Wednesday, January 31, 2007

Let them drink gin!


I may have narrowly missed out on tickets for the Blood Brothers / Help She Can't Swim gig, but that wasn't going to stop me going to Clwb tonight. You see, while the godfathers of screamo and the Brighton punks are doing their thing upstairs, there's plenty to enjoy downstairs too, courtesy of Kruger.

Evils, for a start.

Jamie Hale's music has found favour with everyone from Radio 1's Steve Lamacq, Rob da Bank and Huw Stephens to Hot Chip and Akira The Don - and it soon finds favour with me. Hale may perform from within a wendy house, but there's nothing remotely fey, drippy or Belle-&-Sebastian-influenced about the often playful but occasionally sinister electro that he creates within (for evidence of the latter, just check out the opening to 'There Is No Santa Claus' on the Evils MySpace page...).

Above Hale's brightly coloured plastic temporary accommodation, images of primitive computer equipment are projected onto a screen, and footage of Jeremy Beadle on 'Eureka' follows. Often playful but occasionally sinister, as I said.

Once the wendy house has been dismantled and returned to its flat-pack state, it's the turn of Gindrinker to pick up that same playful-but-sinister thread and run with it - something the maverick duo do with relish. They open with 'Ian The Dog Murderer' and follow it up with 'Covered In Bugs', the latter (concerning the discovery of a dead child) embellished with a genius additional couplet: "Two weeks of piano lessons WASTED! / They paid upfront DAMMIT!" As introductions go, it's rather more offensive than "How do you do?"

Thereafter there's a message from Kim Jong-Il, two fingers up to Tom Jones, the customary Q&A session, mutterings about being "a milksop" and "a dog trapped in a man's body", a song about 'Bullseye' and another about a local pub which manages to include both the catchphrase-in-waiting "EFFING AND FUCKING JEFFING?!" and a reference to Dionne Warwick.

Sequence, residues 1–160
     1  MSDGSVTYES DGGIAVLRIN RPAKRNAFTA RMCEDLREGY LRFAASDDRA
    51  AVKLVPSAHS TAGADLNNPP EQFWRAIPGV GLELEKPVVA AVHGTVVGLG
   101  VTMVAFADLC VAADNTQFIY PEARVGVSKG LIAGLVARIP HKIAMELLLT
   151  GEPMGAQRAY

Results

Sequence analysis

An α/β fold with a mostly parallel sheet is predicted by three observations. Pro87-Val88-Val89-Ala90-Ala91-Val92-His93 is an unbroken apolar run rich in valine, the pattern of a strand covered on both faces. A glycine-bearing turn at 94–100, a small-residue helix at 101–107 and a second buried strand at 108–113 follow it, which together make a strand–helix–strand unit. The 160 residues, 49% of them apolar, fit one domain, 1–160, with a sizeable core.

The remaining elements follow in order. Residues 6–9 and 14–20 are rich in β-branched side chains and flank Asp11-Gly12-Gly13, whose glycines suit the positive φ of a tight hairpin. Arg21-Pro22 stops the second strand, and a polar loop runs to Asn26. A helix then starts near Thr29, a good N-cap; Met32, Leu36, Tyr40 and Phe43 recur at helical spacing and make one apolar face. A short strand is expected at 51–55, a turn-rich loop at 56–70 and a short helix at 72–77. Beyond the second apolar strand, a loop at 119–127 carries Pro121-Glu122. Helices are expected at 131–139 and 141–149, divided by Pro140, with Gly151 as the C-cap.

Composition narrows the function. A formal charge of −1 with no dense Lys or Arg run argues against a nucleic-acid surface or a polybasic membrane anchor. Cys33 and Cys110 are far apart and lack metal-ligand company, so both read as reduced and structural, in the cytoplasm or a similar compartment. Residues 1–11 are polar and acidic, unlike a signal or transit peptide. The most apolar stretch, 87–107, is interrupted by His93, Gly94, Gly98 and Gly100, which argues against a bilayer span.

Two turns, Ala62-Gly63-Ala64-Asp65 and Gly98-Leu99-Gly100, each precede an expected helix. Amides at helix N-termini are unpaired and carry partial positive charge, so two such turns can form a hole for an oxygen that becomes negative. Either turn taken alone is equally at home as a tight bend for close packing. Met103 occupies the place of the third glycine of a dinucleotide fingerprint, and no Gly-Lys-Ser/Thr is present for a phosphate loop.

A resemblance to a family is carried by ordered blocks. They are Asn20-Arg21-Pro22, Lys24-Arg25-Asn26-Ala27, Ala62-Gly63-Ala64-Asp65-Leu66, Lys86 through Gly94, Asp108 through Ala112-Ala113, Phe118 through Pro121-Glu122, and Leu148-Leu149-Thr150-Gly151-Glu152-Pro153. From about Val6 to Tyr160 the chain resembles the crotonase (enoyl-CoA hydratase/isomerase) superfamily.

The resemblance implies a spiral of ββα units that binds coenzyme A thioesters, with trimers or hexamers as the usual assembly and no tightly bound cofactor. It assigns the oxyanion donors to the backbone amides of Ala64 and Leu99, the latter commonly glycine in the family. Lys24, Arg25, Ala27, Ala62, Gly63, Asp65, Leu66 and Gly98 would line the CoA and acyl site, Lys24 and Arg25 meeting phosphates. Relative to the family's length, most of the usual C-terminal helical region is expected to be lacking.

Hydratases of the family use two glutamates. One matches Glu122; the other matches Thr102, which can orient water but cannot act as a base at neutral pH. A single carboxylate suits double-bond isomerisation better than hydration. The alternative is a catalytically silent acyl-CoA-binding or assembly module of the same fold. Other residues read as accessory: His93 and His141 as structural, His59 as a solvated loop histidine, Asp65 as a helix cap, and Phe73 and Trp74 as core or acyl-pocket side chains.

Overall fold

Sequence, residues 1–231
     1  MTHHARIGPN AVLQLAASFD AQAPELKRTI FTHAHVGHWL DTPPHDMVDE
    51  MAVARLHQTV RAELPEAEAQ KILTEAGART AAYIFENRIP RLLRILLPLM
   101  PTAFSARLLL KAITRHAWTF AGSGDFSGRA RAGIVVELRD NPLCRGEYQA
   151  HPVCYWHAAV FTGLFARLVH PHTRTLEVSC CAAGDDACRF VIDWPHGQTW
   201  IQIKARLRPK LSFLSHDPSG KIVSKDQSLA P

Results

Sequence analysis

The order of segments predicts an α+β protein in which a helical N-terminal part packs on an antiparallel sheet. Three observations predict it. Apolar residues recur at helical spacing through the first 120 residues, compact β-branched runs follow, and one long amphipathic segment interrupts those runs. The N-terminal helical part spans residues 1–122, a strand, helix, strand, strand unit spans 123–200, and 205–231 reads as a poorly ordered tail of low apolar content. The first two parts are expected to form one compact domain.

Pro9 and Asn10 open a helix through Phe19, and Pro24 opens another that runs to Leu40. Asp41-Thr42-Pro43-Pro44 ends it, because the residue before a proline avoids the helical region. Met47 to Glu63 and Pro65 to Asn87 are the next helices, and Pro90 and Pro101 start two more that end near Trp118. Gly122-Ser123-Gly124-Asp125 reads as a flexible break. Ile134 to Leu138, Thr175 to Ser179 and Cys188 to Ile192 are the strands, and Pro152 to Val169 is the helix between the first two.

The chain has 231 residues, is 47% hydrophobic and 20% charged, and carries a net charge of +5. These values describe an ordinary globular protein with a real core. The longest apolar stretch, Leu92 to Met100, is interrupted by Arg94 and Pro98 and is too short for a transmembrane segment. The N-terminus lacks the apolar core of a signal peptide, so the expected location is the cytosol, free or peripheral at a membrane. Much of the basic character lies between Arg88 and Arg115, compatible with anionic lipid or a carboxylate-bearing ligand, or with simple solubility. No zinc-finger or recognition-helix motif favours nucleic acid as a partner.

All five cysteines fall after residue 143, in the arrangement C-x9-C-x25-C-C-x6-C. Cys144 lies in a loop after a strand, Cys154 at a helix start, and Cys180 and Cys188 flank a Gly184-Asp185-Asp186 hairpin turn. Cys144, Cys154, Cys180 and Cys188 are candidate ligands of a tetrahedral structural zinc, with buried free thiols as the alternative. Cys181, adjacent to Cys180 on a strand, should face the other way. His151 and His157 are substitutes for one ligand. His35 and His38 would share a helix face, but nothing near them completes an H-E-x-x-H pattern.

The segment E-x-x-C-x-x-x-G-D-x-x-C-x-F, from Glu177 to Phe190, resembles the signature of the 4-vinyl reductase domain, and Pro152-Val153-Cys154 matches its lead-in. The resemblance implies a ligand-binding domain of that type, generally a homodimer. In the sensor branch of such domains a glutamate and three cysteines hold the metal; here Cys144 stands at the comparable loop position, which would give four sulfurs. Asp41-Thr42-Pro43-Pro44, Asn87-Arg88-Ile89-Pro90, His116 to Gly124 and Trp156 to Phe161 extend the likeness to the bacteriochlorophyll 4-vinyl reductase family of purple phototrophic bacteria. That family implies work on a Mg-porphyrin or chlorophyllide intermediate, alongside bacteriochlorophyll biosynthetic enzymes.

Imagine if Chris Morris was a fan of Big Black, and you'll be close. This is the third time I've been exposed to Gindrinker's unique brand of terrorism, and I'm fast becoming convinced they're the most entertaining band in Cardiff.

After complaining that local bands were unjustly overlooked at the Kruger Christmas party, I'm pleased to report that the line-up the magazine had assembled for their first gig of the new year was entirely Cardiff-centric. Kruger had an additional reason for wanting to promote Space In The 50s' debut live performance, though. In the most recent issue, they point to several bands who (they suggest) were killed off by "The Curse Of Kruger"; these include Death From Above 1979, Clor and The Martini Henry Rifles - and two thirds of tonight's headliners used to be in the latter. An attempt to make amends, then.

For guitarist / vocalist Chris Warlow and bassist / vocalist Fudge Wilson, Space In The 50s don't mark a significant departure from their earlier exploits - no matter how many times between songs Warlow mentions the band name as if to stress the Martinis are dead and this is something new. There's not quite the same intensity and brick-in-the-face brutality that terrified a whole host of delicate Young Knives fans back in March, but the songs are still driven by low, meaty bass riffs and contain copious quantities of abrasive guitar.

I remain pretty much unmoved by their twenty minute set, though, not least because drummer Marvini Phillips often struggles to keep up with the necksnapping pace set by those in front of him. That said, the partisan and expectant crowd hardly cares - and perhaps these glitches will have been ironed out by the time they come to play their next gig at Buffalo in a couple of weeks' time. I might well be there to find out...


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